It was about midnight on June 17th, 2020. A figure entered the Fort Stewart barracks room of Army Specialist Austin Hawk and viscously stabbed him more than 40 times, leaving him for dead. The killer struck multiple blows to Hawk’s head, neck, and torso. In addition, a deep three-inch slash was made across the victim’s throat, completely severing his jugular vein. Someone wanted him dead, and they got their wish.
According to the US Department of Justice (DOJ), and as reported by ArmyTimes, a former Army Sergeant pleaded guilty to the brutal murder. Twenty-nine-year-old Byron Booker of Ludowici, Georgia, admitted to the pre-meditated killing of Hawk. The reason? He reported his fellow soldiers for marijuana use. Marijuana is legal for use (either recreationally or for medical purposes) in all but 12 states. At a federal level, however, it remains a banned Schedule I drug. In October of 2022, President Biden called for the reform of federal marijuana laws.
Documents provided by the US Attorney’s Office, Southern District of Georgia, state that Booker awaits sentencing for the Premeditated Murder of a Member of the United States Uniformed Services. He faces a mandatory minimum sentence of life in prison without the possibility of parole.
US Attorney David Estes, a retired US Army Colonel, stated, “Byron Booker murdered a former fellow soldier in cold blood in retaliation for that soldier performing his duties as a service member.” He continued,
“The FBI and the Department of the Army Criminal Investigative Division did outstanding work in solving this despicable crime and bringing Booker to justice.”
Court records show that on May 20th, 2020, Hawk filed a report with his command regarding marijuana use by Byron and another soldier, former Specialist Jordan Brown. Byron had only days left to serve in the military and received an honorable discharge before any action could be taken. Brown, however, was now facing a court martial after failing command-ordered drug testing.
Booker and Brown were furious at Hawk for what they perceived as a traitorous action. They proceeded to plot multiple ways to seek revenge on him. Brown blamed Hawk for his pay being withheld and for losing his girlfriend (who broke up with him after hearing of the impending court-martial). He was also blamed for worsening the relationship between Brown and his father and the loss of Brown’s housing (involuntary separation proceedings were initiated against him).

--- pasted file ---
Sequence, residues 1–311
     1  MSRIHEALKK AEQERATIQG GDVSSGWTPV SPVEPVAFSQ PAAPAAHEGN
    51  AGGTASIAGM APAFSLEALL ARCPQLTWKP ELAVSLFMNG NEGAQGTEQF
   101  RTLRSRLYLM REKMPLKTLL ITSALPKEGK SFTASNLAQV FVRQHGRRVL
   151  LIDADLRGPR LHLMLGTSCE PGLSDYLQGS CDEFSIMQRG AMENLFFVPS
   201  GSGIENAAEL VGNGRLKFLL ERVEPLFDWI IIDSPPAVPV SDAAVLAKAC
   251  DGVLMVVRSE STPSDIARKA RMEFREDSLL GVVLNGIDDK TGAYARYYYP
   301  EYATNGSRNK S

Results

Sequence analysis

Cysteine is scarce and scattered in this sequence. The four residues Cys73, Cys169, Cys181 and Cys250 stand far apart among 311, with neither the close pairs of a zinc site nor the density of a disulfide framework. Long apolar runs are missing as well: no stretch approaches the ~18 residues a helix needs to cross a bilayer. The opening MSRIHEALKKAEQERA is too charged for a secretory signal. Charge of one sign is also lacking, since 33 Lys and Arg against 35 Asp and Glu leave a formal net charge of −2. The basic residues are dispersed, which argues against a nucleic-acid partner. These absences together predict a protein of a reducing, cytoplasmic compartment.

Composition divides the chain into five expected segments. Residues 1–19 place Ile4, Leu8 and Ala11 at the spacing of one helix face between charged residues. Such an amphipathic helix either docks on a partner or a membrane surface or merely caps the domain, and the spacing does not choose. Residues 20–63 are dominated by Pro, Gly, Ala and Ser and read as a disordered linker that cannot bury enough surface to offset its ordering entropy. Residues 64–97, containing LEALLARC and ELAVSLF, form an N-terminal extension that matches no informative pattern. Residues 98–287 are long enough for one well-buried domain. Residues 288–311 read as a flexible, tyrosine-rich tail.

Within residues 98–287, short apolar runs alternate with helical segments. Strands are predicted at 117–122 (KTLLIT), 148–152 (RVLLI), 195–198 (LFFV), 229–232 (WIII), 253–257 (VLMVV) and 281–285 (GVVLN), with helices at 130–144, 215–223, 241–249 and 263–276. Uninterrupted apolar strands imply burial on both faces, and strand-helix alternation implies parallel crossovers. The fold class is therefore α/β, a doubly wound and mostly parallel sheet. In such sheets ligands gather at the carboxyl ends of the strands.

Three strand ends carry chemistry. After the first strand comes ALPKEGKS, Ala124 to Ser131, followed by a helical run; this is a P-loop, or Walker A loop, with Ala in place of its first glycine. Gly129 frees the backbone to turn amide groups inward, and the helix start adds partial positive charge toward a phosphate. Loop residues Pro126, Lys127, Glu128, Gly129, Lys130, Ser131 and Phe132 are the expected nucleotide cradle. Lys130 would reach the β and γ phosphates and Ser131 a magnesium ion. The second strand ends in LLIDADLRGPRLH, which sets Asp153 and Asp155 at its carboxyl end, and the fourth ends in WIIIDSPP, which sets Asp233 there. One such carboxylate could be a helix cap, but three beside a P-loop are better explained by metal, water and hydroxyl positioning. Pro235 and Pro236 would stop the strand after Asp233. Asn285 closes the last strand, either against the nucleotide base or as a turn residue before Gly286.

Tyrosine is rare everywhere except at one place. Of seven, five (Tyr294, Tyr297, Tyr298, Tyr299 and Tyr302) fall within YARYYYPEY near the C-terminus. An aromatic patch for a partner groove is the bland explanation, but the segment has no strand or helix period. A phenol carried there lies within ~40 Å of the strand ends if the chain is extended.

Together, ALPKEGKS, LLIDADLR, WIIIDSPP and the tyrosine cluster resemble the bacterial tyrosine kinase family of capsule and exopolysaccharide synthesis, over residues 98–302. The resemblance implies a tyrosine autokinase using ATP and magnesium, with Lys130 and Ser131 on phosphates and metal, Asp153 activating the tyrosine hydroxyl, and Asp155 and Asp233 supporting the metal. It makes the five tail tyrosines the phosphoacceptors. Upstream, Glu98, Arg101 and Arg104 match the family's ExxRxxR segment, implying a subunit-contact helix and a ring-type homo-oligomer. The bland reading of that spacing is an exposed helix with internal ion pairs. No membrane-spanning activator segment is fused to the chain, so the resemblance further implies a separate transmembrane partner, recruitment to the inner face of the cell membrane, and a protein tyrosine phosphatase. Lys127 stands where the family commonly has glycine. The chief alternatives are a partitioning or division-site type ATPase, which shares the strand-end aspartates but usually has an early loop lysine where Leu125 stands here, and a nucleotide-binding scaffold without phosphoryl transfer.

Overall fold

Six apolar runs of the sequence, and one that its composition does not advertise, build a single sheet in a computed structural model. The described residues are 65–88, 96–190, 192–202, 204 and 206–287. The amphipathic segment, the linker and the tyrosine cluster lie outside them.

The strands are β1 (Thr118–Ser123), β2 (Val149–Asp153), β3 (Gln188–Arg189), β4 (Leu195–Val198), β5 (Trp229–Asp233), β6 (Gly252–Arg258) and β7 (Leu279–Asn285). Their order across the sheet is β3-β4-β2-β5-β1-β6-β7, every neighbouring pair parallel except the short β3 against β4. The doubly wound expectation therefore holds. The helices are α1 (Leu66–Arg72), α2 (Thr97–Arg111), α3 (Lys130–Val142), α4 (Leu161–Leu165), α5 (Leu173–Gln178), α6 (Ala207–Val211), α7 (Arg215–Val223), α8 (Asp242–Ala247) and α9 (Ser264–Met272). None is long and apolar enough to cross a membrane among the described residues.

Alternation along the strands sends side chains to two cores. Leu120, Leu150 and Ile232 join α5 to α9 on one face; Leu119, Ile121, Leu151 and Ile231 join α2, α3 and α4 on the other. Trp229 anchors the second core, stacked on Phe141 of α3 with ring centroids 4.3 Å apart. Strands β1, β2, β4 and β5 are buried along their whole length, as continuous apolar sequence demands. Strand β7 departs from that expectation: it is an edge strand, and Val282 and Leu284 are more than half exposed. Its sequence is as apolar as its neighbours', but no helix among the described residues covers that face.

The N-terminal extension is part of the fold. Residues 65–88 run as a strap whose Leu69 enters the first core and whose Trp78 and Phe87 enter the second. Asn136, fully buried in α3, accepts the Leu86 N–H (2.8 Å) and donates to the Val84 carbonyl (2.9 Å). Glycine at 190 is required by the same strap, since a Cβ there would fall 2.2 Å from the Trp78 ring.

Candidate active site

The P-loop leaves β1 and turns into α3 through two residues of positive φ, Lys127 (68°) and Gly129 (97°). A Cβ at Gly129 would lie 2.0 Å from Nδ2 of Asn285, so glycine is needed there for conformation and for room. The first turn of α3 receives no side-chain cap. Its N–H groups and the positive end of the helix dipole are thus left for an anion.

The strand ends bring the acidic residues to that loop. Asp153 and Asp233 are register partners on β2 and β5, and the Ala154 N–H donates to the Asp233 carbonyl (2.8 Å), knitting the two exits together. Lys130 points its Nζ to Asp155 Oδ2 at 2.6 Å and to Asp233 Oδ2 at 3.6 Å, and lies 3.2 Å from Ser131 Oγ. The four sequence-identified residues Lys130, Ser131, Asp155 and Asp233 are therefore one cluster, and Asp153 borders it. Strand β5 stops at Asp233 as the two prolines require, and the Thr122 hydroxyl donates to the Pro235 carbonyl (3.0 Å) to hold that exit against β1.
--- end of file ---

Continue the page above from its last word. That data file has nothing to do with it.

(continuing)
Yesterday, December 1st, 2022, twenty-one-year-old Brown pleaded guilty in federal court to Assault Upon a US Servicemember Involving Bodily Injury or a Deadly Weapon and Retaliation Against a Witness Involving Bodily Injury. Documents made available by the US Attorney’s Office show that Brown awaits sentencing by US District Court Judge R. Stan Baker, and he could receive a sentence of “not less than 198 months in prison, nor more than 240 months, along with potential fines and restitution, followed by three years of supervised release upon completion of his prison term.” There is no parole in the federal prison system.
US Attorney Estes, in speaking about both of the defendants, said,
“The guilty pleas of these two defendants firmly establish their culpability in the despicable murder of a former fellow soldier in retaliation for performing his duties as a service member. They will now be held accountable for their bloody conspiracy.”
Former Specialist Brown, who was at the time of the murder still on active duty, helped the then-discharged Booker gain access to the barracks on Fort Stewart on the night of the killing. Booker’s plea agreement states that he somehow got Hawk to open the door for him, but no specifics on how he did this were provided. Additionally, court documents state that Brown was not in the room at the time of the murder.
According to the website Law & Crime, Booker and Brown discussed beating Hawk, stealing items from him, or damaging his vehicle. The more they talked, the more they agreed that was not enough punishment and that the “snitch” must be “silenced.” Then Brown changed his mind, worried that they could never get away with murder. He is also quoted as telling Booker that “the punishment should fit the crime.” Brown suggested that breaking Hawk’s jaw would be punishment enough.
It wasn’t until after Brown’s girlfriend left him that he agreed with Booker about the final plan and that Hawk had to go. Brown’s plea agreement tells how the two went to a McDonald’s drive-thru on the night of the murder, smoked pot, and pondered life and existentialism. As they downed their cheeseburgers and fries, they came to the common understanding that “things don’t matter, and you can do anything.”
Hours later, Booker attacked Hawk in his room, and Hawk fought back. The scuffle was so loud that Brown could hear it in his barracks room one floor below. Booker had cut his hand before delivering the fatal slash to Hawk’s throat, and his blood was plentiful at the crime scene.
Specialist Hawk’s body was found in a pool of dried blood the next day.